In the same letter he applied for the positions of Post Master and Inspector of Stock. He maintained that these jobs would not interfere with his role at the Factory and that he held out no hope of a salary increase. At this point Sophia would have been heavy with child. Abbott was successful in obtaining the extra work for Robert with the help of Captain J D'Arcy. A Lieutenant Edward Abbott had been the Commander of the Garrison on Norfolk Island during the time of Robert's father in Law, Richard Morgan. This may explain how Robert got the job in the first place. It would seem though that his appeal for candles and his servant fell on deaf ears. He would have to pay for these pleasures himself. Lousy bloody candles and tucker. User pays I guess. The rates of pay for various positions in George Town are interesting. The Superintendent of police received £100 per annum, a constable £10, the Gaol Keeper £30, the Clerk of The Bench £25 and the Flagellator £10. Not forgetting that Sophia was meant to help out but was not recompensed for her work.
Things were to get worse. It would seem that Robert took to the grog and was soon in strife. The pressure was getting to him. I would guess the behaviour of the inmates would not have helped either, nor the state of the building that apparently needed a lot of maintenance, which Robert could not afford. Perhaps he was a very sick man and the alcohol was a pain relief.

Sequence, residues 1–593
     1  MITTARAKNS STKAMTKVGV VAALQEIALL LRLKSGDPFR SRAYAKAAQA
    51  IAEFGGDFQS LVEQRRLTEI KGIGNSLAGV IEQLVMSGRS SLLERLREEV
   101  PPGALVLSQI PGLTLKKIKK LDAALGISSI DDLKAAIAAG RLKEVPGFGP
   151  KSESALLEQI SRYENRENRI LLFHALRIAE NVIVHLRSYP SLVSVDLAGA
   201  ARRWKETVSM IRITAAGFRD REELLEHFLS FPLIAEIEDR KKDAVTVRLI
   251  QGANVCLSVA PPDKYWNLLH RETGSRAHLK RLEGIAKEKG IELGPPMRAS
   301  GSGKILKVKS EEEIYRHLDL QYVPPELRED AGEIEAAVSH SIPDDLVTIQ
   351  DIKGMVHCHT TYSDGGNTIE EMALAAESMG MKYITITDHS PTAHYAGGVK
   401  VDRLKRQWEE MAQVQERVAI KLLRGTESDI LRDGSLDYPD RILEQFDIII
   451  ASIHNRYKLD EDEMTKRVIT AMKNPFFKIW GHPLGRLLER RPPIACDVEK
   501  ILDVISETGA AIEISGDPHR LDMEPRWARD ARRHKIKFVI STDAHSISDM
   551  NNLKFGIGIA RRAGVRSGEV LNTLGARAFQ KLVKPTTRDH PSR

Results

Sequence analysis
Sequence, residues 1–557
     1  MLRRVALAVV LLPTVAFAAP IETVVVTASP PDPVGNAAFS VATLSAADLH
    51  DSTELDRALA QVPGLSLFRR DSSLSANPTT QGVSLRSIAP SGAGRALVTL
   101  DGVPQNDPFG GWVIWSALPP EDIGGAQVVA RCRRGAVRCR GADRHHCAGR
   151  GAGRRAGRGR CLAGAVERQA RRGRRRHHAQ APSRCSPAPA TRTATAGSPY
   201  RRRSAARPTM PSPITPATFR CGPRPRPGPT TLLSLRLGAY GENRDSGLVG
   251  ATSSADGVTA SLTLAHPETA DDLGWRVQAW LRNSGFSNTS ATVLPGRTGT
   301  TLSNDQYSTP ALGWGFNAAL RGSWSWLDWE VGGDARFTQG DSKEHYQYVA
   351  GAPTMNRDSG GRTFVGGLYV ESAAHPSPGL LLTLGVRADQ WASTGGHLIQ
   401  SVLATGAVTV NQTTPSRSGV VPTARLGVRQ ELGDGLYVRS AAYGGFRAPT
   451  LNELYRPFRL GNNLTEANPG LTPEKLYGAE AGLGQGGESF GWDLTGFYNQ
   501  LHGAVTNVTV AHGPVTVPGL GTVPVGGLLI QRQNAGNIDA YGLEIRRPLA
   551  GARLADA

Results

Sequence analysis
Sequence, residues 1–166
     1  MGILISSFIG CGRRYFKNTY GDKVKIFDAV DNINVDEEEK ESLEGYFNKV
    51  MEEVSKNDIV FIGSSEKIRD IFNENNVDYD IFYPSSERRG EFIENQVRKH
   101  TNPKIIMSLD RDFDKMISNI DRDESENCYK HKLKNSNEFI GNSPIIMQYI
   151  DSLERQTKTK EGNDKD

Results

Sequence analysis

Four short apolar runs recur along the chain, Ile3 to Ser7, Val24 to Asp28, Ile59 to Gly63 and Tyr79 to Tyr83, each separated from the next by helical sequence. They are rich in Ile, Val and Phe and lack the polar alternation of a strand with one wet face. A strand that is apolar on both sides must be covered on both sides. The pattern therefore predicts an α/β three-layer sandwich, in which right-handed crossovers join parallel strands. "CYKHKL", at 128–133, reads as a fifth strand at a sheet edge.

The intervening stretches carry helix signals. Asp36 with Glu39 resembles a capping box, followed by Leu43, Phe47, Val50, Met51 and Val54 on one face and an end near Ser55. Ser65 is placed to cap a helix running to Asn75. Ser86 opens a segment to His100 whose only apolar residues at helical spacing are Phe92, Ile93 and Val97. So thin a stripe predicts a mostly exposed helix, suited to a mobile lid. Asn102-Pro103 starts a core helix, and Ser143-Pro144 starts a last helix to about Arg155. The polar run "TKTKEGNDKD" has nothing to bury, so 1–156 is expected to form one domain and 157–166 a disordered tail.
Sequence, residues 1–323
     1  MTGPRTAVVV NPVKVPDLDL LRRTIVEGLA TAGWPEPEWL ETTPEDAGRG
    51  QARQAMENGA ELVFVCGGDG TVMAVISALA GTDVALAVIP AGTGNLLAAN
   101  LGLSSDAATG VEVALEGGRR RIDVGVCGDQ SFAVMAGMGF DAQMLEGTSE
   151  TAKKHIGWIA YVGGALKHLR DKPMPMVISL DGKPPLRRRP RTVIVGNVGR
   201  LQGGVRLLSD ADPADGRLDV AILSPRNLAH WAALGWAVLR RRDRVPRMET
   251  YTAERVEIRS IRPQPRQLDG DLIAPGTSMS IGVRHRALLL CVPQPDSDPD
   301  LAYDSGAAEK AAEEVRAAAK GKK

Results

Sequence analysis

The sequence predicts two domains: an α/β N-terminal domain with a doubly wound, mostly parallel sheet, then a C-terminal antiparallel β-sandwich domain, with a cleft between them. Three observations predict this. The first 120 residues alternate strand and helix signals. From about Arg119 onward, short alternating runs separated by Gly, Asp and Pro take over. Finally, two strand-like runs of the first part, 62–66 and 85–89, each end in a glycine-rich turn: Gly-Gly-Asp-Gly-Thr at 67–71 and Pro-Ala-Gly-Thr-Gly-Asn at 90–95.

On 29 August 1829, Captain D'Arcy found it necessary to write to the Civil Commandant, still Mr Abbott, advising him of Robert being in a "constant state of drunkenness" and the Female Factory was not able to be "kept in any state of regularity or proprietary". The letter is interesting in that it would seem that John Alexander had just come into the world and that D'Arcy really had some feelings for Robert and Sophia. He asked Abbott if he had any ideas on how they might assist Robert. Abbott was compelled to write to Hobart regarding this situation and the upshot was that Robert and Sophia were to be immediately dismissed from their positions. Burnette states that "this situation does not surprise him". How would he know? Perhaps he based his judgement on the character of Sophia's father, Richard. Robert does the right thing and writes to the Post Master at Launceston telling him of his inability to carry on as Post Master in George Town. It is noted that Robert has a beautiful handwriting which indicates a very good education. His spelling and English was first class. As all letters I have copies of show the same hand writing and signature it is impossible for someone else to have written them for him.